Absolutely. I grew up in Bismarck, North Dakota. Its a city of 70k people, by a river in the heart of the midwest. Its full of rolling golden hills during the summer and desolate snowy plains during the winter. You feel like you can see forever. That open space fuels my writing, and I try to get back home as much as possible to let my mind roam.

I also spend a lot of time in the mountains. I love mountain landscape as well as mountain culture. The communities and people I’ve spent time with in those areas are content being isolated, but are constantly pushing themselves to be the best version of themselves for the sake of growth rather than status. That constant search for beauty is a beautiful way of life, and it definitely influences the thoughts and opinions in my music.

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Your emotional songwriting and meticulous attention to details what made me a fan. How do you approach songwriting? What’s the process?

It’s different with every song, but for the most part it usually starts with a melody. Then I’ll find one idea to write around and try to describe it in as many personal ways as possible. If its honest and beautiful, its usually right. The rest of the process is molding, adding, and taking away the unnecessary until there is a complete, beautiful idea. Then I take it to Eric and we finish it up in the studio. The two of us covered everything on this record (except live drums). E turned my idea for this project into something. His production and guidance are just as much a part of the identities of these songs as my writing and melodies are. He takes what I’m trying to do, and elevates it. He is incredible to work with.

“I’m sick of writing songs that my father cry”, is a line that left a bittersweet sentiment in me somehow. Are your songs autographical? Or are you more of a storyteller?

That line came from a conversation I had with my father… but overall I would say it’s a combination of both. Everything that I write about comes from some form of personal experience. I build and create layers and layers of material from that experience. At its core, the end product is very autobiographical… but its covered by interesting, beautiful pieces of imagery and metaphor.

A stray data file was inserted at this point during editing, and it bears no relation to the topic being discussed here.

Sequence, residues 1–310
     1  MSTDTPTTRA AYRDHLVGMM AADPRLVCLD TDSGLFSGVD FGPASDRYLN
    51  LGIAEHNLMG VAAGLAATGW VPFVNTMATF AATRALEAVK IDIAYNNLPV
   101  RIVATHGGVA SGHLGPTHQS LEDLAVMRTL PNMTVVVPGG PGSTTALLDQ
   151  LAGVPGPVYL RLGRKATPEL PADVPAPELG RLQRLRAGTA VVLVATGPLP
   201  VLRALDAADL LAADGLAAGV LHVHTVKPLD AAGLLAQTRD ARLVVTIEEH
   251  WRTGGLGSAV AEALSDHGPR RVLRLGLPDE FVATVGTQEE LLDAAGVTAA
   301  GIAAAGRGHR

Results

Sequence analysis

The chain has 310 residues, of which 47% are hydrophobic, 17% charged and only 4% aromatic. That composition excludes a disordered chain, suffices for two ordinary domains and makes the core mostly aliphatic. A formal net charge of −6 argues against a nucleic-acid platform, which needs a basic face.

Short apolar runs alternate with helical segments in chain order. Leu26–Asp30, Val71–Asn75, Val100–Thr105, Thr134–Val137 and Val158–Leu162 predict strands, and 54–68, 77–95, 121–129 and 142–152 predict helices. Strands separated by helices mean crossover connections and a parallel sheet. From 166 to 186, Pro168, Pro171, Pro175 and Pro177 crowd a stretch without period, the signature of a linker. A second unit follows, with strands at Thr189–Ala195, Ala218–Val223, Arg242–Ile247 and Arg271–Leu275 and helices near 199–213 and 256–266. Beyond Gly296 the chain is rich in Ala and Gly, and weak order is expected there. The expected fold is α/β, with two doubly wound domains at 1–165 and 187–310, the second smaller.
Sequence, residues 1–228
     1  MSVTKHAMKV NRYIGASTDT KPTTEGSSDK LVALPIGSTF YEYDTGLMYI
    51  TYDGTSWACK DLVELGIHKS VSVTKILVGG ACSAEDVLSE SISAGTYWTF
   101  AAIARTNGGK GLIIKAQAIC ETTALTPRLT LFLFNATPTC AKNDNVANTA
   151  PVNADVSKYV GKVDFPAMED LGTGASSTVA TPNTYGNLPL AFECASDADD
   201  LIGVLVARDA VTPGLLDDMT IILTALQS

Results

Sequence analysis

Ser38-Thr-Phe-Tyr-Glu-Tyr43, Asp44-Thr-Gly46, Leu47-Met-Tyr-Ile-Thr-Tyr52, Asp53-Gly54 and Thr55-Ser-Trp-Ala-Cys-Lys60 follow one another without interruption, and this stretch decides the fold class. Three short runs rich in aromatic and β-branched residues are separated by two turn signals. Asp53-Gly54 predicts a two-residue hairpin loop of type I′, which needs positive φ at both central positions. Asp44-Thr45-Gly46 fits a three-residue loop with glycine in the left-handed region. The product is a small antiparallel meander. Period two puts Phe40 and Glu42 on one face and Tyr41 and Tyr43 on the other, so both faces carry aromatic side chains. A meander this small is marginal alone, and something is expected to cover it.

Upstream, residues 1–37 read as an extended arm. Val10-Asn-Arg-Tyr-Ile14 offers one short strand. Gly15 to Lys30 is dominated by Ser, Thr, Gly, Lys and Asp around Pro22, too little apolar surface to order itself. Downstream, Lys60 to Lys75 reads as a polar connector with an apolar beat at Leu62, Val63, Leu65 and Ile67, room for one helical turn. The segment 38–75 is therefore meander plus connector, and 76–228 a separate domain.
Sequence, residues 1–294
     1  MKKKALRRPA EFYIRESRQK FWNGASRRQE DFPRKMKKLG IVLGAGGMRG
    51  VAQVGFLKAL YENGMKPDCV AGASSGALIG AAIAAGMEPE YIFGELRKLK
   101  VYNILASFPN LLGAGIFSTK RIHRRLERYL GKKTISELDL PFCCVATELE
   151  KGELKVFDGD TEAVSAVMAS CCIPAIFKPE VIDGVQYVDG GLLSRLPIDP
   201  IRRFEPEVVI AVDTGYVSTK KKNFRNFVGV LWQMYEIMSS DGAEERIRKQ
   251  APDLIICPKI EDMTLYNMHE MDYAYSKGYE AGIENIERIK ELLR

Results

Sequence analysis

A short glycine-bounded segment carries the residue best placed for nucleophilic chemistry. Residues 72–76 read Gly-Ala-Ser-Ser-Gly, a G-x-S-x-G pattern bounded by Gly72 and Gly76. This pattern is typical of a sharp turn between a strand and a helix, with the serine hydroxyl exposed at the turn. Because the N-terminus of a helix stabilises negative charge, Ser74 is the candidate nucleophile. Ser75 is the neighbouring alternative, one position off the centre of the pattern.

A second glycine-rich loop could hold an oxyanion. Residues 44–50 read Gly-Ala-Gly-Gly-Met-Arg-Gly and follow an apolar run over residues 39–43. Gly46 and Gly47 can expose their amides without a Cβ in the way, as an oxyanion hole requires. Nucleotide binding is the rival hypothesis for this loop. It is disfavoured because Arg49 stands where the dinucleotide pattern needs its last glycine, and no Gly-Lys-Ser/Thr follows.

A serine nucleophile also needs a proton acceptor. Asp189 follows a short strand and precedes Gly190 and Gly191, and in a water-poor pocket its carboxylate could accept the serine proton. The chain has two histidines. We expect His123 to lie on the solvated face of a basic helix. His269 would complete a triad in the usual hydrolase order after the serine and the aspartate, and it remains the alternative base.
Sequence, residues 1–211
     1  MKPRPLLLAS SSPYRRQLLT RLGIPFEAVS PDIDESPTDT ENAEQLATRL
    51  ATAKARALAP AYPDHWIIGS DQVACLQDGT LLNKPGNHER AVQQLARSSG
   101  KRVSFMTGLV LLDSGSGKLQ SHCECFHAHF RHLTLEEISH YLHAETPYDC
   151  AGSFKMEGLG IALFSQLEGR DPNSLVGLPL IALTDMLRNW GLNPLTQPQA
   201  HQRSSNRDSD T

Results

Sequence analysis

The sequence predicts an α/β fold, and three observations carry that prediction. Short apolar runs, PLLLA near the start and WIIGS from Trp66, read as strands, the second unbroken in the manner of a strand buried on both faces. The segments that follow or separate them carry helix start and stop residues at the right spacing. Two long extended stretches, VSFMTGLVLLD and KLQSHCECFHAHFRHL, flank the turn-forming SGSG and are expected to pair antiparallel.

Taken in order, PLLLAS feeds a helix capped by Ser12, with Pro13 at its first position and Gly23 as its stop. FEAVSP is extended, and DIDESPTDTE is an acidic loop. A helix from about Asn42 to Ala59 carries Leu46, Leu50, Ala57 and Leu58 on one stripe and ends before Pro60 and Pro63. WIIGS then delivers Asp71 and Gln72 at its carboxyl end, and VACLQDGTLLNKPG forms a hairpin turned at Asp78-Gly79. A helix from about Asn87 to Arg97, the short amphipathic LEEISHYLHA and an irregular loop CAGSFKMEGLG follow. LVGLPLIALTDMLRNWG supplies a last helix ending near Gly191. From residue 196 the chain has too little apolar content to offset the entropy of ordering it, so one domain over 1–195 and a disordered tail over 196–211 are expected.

Tell us more about Mountain Twin EP. Is there a certain theme underlying to this EP?

From the beginning of the writing process, to the end of the mastering process, it took about a year. The Mountain Twin EP is about discovery.. sifting through our low points, our adventures, the quite, desolate open spaces where our minds are able to roam and rest, our memories… taking all of those moments and trying to piece them into an identity…. trying to weave them into something that matters. Its about growth, and becoming the best version of myself that I can.

Finally, what do you believe in as an artist to achieve your goal in life?

To never stop seeking the truth, and continuing to grow. I just don’t want to waste this life. As long as I’m working toward a beautiful life, I’ll have no regrets.. Love as much as you can. Thats my ultimate goal.

Stream Mountain Twin EP.

Connect with Joel Porter

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listen: Wilder Maker, “Fools”